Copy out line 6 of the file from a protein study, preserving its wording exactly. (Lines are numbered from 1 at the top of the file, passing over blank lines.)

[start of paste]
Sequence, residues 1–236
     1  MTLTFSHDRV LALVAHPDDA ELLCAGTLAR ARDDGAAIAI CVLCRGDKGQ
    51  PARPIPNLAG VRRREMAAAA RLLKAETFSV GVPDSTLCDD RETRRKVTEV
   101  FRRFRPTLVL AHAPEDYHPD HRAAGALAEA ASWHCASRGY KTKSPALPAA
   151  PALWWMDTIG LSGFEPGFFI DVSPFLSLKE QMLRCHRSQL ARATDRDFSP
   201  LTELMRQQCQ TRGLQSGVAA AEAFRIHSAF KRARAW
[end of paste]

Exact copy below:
   201  LTELMRQQCQ TRGLQSGVAA AEAFRIHSAF KRARAW